Thursday, September 02, 2010

The American Way

First, a Reuters editor tells America to honor democracy over dictatorship. Now a German academic tells us to honor our traditions, and not “go European” on America’s friends. In Der Spiegel, Thomas Straubhaar, a Hamburg University economics professor, takes on the “big government” strategy pushed by Princeton’s Paul Krugman, the approach Straubhaar fears Obama is following. Straubhaar writes:
what is good for Europe and Germany does not automatically work for the US[, whose] settlers . . .rejected everything . . . with a semblance of state authority. They fled Europe to find freedom. The sole shared goal of the settlers was to obtain individual freedom and live independently, which included the freedom to say what they wanted, believe what they wanted and write what they wanted. . . The state should not interfere in people's lives, aside from securing freedom, peace and security. Economic prosperity was seen as the responsibility of the individual.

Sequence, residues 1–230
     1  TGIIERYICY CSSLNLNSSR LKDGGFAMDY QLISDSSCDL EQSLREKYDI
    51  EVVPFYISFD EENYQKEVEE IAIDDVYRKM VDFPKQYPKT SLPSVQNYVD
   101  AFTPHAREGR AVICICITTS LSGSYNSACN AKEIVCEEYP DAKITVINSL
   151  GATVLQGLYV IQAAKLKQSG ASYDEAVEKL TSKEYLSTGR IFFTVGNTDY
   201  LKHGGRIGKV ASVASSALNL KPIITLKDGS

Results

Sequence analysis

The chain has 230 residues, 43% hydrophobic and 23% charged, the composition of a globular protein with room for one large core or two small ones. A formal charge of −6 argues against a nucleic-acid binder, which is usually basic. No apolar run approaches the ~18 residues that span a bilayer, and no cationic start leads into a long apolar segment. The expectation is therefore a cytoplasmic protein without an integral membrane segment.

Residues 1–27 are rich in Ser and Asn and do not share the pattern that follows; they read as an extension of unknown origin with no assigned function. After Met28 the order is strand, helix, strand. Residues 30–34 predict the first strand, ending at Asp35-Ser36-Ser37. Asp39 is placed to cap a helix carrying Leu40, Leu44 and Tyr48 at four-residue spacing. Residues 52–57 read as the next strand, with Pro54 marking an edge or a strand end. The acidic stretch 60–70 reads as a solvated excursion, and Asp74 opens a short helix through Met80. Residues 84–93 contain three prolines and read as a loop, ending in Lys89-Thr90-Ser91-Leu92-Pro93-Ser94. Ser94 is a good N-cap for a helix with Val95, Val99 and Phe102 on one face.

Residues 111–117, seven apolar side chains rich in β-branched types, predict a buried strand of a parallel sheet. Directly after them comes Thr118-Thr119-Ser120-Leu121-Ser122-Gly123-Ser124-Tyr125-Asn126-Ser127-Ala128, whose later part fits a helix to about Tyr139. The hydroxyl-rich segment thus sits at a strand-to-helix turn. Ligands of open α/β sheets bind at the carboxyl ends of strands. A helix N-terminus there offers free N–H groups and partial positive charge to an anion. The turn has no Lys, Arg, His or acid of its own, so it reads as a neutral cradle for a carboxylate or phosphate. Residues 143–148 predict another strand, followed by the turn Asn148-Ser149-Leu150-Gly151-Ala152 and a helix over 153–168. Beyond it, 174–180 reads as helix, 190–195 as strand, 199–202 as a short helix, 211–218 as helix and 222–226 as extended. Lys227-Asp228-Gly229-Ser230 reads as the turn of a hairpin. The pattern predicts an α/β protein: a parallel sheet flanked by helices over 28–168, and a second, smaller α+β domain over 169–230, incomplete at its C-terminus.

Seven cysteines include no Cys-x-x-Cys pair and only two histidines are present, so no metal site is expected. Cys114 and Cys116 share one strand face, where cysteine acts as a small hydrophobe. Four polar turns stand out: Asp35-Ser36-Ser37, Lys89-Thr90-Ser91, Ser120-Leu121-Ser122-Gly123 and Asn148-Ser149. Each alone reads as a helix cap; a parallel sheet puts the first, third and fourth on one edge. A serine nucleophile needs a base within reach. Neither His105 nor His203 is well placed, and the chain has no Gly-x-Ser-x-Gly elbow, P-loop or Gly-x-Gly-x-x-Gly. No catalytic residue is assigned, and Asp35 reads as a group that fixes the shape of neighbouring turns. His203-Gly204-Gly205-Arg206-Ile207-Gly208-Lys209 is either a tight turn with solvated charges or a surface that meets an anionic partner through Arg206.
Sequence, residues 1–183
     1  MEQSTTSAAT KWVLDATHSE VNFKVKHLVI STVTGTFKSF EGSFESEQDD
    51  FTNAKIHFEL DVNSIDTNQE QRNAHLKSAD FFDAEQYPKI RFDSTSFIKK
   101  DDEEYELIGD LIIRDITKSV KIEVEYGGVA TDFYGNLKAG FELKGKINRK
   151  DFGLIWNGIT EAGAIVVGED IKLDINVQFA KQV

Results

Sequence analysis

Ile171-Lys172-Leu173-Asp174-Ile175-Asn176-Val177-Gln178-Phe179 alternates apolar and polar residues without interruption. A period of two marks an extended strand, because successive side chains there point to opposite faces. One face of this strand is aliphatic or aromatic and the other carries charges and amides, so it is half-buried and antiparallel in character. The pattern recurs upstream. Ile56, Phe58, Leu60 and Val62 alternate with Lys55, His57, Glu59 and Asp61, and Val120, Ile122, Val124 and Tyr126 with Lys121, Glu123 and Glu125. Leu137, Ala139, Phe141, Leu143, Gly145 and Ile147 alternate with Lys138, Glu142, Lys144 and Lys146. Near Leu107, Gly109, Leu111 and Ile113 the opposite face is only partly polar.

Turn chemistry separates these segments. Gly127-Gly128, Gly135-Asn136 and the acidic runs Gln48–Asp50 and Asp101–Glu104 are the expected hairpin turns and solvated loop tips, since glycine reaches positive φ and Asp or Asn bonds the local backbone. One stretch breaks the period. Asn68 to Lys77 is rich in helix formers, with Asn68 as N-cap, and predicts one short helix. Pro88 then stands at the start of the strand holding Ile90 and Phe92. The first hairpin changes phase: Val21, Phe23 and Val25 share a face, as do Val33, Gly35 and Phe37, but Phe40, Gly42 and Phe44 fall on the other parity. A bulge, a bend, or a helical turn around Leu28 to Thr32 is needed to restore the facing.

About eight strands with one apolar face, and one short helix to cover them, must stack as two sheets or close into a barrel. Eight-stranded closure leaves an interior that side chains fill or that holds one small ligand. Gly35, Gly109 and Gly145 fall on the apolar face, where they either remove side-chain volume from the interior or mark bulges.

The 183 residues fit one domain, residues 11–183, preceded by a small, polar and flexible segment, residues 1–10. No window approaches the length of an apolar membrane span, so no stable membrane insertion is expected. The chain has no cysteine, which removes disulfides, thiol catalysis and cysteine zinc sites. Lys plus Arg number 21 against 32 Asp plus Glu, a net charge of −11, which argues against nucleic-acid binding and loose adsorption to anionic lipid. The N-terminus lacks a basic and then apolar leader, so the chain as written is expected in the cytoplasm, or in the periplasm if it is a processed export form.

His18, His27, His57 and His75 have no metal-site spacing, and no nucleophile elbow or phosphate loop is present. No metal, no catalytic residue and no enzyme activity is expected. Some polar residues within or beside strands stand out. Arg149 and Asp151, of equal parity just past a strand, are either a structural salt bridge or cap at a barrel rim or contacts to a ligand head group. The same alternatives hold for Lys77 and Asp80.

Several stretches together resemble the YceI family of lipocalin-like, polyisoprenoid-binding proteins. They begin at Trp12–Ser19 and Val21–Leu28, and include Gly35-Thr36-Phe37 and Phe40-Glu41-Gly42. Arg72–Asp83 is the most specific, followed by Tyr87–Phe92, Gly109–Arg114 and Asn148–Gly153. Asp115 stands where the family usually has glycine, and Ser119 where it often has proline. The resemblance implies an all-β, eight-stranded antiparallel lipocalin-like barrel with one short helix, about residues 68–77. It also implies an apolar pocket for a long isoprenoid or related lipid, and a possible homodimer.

If you take this belief away from Americans, you are destroying the binds which interlink America's heterogeneous society[. You thereby threaten] conflicts between different sections of society [that] have long bubbled beneath the surface.

[Better] would be a return to the American Way, the . . . success of [which] is illustrated by history. In 1820, twice as many people lived in the United Kingdom as the US, and its economic performance (measured by GDP) was three times as strong and the average standard of living (measured by GDP per person) was a quarter higher. Today, there are about five times more people living in the US than the UK, America's economic performance is about seven times better than Britain's and the average American is about 50 percent better off than the average Briton.

When Europeans and Canadians warn us about big government, it’s surely time for Americans to take on directly this threat to our "way."

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